John Walker's Electronic House

Why People Are Still Failing To Accept The True Horror Of SOPA/PIPA

by on Jan.18, 2012, under Rum Doings, The Rest

I’ve been bleating away on Twitter all day, probably to the horror of anyone who doesn’t follow me via RPS or Rum Doings, and making my opinions on SOPA and PIPA well known. Rather than repeating the definitions of these Acts, and why they’re the most dangerous infringements of free speech and a free internet imaginable, you can learn all that from here.

But there’s something I want to comment on specifically, and it doesn’t fit in a tweet. I’ve tried. Lots of times.

This line from Kotaku’s missive on why they haven’t blacked out their site as part of today’s international protest sums part of it up for me:

“It’s no wonder that an outfit like the League of Legends creators at Riot Games read that and worry that a livestream of a great LoL match could be found in violation of SOPA the moment someone starts singing the lyrics of a copyrighted song on it. Is that really the kind of stifling of the Internet the writers of SOPA and PIPA are seeking?”

Yes! Yes it is. That is precisely the internet they’re seeking. It seems so outlandish that so many news outlets are phrasing it as if it’s a reductio ad absurdum, throwing their hands up and saying, “This bill’s so crazy it would lead to these wacky outcomes!” as if such a result is a parody of the poorly written nature of the bill.

This is to so frighteningly miss the point as to be all but helping those crafting such bills. By reducing the very intent of terrified industries – they who built their empires around plastic squares and discs that have since been rendered pointless – to a perceived exaggeration, something apparently so laughable as to parody the bills’ intentions, is to ignore the reality of what we are facing.

The terrified industries, built up around an illusion of digital ideas having physical forms, are desperate. Like a dying wild animal, trapped in a corner, they are lashing out with their last strength, and they will do anything, go to any extent, to survive. But it doesn’t matter how many children and grandmothers they sue, how many bands and singers they bankrupt and ring out to dry, how big their lies, nor how outrageous their political influence, the reaction is always the same: “They’ll be banning us from singing in the shower next!”

Yes. They will. They are so desperate for control in a world that is increasingly recognising their irrelevance that they are attempting to shut down and dominate everything they can. To believe that the RIAA, BPI, etc would not charge you for humming as you drive if they could is to idiotically misunderstand the sheer bat-shit lunatic desperation we’re dealing with here. Yes, ha ha, what a silly notion. But to think it any more silly than their attempts to sue the creators of the first mp3 players, or huge efforts to ban the home VCR, is to woefully miss the point. These are the same people who bullied the world into accepting ridiculous crippling region codes on DVDs, and are able to force manufacturers to not allow customers to skip their nonsensical threatening messages at the beginning of every legally purchased film. They are the people asking us to spy on our fellow cinema goers, and turn them in if we see them filming. They are the reason your HDMI cable is capable of stopping you from watching content they decide they don’t want shown.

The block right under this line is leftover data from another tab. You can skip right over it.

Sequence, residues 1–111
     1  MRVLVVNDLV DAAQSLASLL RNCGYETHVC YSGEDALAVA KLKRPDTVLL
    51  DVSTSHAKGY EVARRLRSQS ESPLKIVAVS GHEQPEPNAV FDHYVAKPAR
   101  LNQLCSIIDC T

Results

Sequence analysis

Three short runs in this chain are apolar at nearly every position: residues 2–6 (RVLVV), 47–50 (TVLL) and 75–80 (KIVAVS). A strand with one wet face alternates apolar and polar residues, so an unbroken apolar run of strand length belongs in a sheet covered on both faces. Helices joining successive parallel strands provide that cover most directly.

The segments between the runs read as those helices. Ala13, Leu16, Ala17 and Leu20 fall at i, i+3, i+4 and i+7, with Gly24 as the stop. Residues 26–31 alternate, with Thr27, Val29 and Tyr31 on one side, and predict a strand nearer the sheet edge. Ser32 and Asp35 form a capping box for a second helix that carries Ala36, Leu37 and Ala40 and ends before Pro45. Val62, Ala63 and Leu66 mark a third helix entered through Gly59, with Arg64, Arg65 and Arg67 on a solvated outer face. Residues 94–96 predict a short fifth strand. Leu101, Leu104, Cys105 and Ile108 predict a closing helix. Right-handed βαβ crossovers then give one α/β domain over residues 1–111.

We’re dealing with archaic industries that were built around the impossibility of that which is now possible. Their time is up, and they know it. But they are so massive, so enormously powerful, that they are going to do everything imaginable to defend their fortunes. And that’s why we have SOPA and PIPA. They know it won’t beat piracy, because it’s immediately obvious to anyone with half a clue that it cannot. But it will give them power over the internet, that all history shows they will abuse to the most ludicrous degree. It will give them terrible control of our internet, which is presently the thing that terrifies them more than anything else: free.

The most insane thing is, they don’t quite know what for. They just know that it’s the means by which their business models are rendered pointless, and they know they currently can’t control it. They’re scared, so they’re doing something. And if you think that’s hyperbole, or plain paranoia, take the example of DRM.

DRM doesn’t work. There’s no argument about that at all. It is code that prevents a game from working properly, but only for those who bought a legitimate copy. Those who have pirated it will have the DRM disabled, and never encounter it. So it’s software that makes games awkward for customers to enjoy. That’s entirely what it does. But it’s on almost every game, from almost every publisher. And what do they do when it is shown not to do anything? They make it even worse for legitimate customers, while of course not affecting pirates in any meaningful way. This is how we end up with Ubisoft’s idiotic “always on” DRM, where legitimate customers must have a permanent internet connection constantly sending signals back and forth to and from Ubisoft, or the game switches itself off. Pirates don’t have to have the internet on to play, and their copies work just fine. People who bought the game have a version so crippled that it’s barely functional. Why is that? What’s the logic behind it? There isn’t one. There can’t be one. It’s so obviously ridiculous that no one even tries to defend it. Instead they scream about unevidenced, and usually entirely fictional, revenues lost to pirates, which is a confusing response to the question, “Why are you doing this when it doesn’t stop piracy?” They’re doing something because they’re scared.